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Fear of Loud Noises


Updated June 09, 2014

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Question: Fear of Loud Noises

Ligyrophobia, sometimes known as phonophobia, is the fear of loud noises. The fear is most common in young children, but may occur in adults as well. Some people are afraid only of very sudden loud noises, while others fear ongoing noise.


Ligyrophobia in Small Children

Fears are a normal part of growing up, and many small children exhibit numerous short-lived fears. Loud noises, like any surprising stimuli, may trigger reactions even in very young infants. For most kids, however, these fears are mild and transient. However, children are just as capable as adults of developing deep-seated phobias. For this reason, if a child's fear lasts longer than six months, or if the fear is not easily consoled, it is important to seek treatment from a qualified mental health professional.

Ligyrophobia in Adults

In adults and older children, the fear of loud noises can be embarrassing at best and life-limiting at worst. Adults may find it difficult to function in noisy office environments, to drive on busy highways, or even to socialize in crowded restaurants or bars. Children may have difficulty paying attention in class, participating in team sports, or spending time with friends in noisy environments. Some people with this fear have a particularly difficult time falling asleep, as outside noises are often magnified when lying in a dark, quiet room.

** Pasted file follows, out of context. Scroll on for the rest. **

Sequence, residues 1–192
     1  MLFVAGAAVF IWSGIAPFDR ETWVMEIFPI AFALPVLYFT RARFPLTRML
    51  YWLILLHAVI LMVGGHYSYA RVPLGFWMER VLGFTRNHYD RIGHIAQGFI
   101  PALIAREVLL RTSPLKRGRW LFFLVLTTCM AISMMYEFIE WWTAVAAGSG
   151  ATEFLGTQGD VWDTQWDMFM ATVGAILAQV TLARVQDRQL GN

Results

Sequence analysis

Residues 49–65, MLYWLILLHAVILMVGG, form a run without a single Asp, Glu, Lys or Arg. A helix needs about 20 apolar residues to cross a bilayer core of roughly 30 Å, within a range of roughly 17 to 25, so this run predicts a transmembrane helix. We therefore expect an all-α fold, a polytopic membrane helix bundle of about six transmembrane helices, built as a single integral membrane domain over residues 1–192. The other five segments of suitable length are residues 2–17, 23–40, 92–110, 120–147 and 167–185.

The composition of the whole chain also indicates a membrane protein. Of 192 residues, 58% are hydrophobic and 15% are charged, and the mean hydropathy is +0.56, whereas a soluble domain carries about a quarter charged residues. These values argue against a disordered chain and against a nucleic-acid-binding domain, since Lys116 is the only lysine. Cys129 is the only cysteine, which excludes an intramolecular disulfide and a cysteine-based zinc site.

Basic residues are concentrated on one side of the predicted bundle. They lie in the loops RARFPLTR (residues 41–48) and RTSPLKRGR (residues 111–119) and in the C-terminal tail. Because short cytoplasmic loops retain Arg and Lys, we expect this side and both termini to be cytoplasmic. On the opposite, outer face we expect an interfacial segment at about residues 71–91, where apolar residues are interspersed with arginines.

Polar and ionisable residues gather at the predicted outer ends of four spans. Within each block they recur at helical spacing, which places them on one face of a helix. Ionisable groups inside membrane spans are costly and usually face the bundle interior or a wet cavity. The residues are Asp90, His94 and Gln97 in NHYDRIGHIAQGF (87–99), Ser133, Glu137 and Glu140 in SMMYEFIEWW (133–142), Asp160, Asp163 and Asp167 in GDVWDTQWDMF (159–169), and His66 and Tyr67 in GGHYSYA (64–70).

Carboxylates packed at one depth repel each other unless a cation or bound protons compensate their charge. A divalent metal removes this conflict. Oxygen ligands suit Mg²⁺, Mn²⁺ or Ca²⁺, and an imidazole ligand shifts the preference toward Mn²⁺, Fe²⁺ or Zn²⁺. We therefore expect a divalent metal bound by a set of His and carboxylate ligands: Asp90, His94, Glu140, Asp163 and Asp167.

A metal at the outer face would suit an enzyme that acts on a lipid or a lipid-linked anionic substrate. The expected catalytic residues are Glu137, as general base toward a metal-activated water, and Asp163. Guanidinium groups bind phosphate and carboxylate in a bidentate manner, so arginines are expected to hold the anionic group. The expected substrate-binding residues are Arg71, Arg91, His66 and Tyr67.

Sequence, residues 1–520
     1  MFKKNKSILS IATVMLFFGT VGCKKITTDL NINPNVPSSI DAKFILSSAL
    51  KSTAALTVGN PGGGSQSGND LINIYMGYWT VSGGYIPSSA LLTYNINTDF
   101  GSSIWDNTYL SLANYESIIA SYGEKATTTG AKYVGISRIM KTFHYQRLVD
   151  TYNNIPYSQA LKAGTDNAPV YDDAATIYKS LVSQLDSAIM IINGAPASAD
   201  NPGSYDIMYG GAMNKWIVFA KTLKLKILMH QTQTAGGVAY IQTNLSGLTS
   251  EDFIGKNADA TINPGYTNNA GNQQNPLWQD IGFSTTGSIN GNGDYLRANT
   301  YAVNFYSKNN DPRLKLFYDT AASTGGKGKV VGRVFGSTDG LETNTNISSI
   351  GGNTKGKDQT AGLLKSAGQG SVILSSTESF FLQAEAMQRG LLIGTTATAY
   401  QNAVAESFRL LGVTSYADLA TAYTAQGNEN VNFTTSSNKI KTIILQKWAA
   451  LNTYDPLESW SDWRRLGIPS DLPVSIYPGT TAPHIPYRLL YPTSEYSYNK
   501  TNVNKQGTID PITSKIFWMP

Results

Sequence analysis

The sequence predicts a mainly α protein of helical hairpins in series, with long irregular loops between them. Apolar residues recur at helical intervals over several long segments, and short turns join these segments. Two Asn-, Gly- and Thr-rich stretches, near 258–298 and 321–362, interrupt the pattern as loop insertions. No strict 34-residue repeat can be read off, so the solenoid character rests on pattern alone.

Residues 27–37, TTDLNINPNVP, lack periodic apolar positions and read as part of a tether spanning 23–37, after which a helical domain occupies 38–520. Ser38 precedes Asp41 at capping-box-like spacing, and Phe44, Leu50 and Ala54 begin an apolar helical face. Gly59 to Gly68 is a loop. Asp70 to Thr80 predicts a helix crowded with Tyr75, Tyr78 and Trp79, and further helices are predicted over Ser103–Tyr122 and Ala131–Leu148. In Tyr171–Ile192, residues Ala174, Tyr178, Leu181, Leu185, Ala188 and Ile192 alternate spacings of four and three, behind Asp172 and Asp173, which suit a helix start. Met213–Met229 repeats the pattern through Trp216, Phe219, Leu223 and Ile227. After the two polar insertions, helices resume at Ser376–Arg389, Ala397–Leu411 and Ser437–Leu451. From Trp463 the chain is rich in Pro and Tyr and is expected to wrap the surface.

Ligyrophobia and Other Disorders

A decreased tolerance for noise is sometimes indicative of another condition. Hyperacusis and misophonia are physiological disorders that cause increased noise sensitivity. Although they may occur on their own, these disorders are sometimes linked to conditions from Asperger's Syndrome to Meniere's disease. For this reason, it is important to consult with your family physician. A simple noise phobia is easy to treat, but if concurrent disorders are present, all conditions should be treated simultaneously. Your doctor may work in tandem with a mental health professional to properly treat your conditions.


American Psychiatric Association. (1994). Diagnostic and statistical manual of mental disorders (4th Ed.). Washington, DC: Author.

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